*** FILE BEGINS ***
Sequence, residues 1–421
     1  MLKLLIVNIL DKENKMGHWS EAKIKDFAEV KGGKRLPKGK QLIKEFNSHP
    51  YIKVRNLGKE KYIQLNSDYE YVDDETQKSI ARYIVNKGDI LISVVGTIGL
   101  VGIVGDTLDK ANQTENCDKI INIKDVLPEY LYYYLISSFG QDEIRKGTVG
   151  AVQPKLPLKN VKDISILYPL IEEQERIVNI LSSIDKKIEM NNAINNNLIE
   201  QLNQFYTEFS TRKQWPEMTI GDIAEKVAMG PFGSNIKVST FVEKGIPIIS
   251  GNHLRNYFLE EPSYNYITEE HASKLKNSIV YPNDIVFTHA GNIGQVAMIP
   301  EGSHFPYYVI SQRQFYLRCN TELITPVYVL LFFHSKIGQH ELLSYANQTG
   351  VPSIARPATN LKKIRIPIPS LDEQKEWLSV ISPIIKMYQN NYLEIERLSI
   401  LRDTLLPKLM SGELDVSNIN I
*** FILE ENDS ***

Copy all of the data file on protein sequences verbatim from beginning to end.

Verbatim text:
Sequence, residues 1–421
     1  MLKLLIVNIL DKENKMGHWS EAKIKDFAEV KGGKRLPKGK QLIKEFNSHP
    51  YIKVRNLGKE KYIQLNSDYE YVDDETQKSI ARYIVNKGDI LISVVGTIGL
   101  VGIVGDTLDK ANQTENCDKI INIKDVLPEY LYYYLISSFG QDEIRKGTVG
   151  AVQPKLPLKN VKDISILYPL IEEQERIVNI LSSIDKKIEM NNAINNNLIE
   201  QLNQFYTEFS TRKQWPEMTI GDIAEKVAMG PFGSNIKVST FVEKGIPIIS
   251  GNHLRNYFLE EPSYNYITEE HASKLKNSIV YPNDIVFTHA GNIGQVAMIP
   301  EGSHFPYYVI SQRQFYLRCN TELITPVYVL LFFHSKIGQH ELLSYANQTG
   351  VPSIARPATN LKKIRIPIPS LDEQKEWLSV ISPIIKMYQN NYLEIERLSI
   401  LRDTLLPKLM SGELDVSNIN I